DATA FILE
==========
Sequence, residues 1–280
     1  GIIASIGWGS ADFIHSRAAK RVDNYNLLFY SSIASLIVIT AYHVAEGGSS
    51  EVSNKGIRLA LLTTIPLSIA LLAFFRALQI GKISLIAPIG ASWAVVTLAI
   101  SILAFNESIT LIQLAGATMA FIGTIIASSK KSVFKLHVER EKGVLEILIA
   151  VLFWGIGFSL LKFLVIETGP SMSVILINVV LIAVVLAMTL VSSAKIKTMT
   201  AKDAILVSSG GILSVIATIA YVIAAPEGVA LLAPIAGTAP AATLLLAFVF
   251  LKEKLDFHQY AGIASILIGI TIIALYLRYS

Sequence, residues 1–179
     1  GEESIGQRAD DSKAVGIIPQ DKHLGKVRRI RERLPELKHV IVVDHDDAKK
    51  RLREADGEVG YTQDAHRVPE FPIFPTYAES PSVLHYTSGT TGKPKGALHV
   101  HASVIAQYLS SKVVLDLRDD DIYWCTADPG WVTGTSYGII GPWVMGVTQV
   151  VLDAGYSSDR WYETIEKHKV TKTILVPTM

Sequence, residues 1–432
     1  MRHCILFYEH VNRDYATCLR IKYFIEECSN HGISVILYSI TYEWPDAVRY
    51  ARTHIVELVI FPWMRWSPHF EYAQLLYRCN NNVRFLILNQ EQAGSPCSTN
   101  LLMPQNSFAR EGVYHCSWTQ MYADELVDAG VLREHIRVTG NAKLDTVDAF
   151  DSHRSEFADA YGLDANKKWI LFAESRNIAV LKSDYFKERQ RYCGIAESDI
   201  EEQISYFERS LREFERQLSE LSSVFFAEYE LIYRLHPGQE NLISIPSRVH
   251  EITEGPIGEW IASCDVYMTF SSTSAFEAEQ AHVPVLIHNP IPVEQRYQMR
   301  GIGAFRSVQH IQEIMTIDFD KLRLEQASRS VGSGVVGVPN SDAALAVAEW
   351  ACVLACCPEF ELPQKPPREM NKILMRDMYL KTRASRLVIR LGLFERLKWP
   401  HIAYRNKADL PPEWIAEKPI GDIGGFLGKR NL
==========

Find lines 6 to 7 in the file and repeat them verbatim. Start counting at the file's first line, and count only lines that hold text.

   201  AKDAILVSSG GILSVIATIA YVIAAPEGVA LLAPIAGTAP AATLLLAFVF
   251  LKEKLDFHQY AGIASILIGI TIIALYLRYS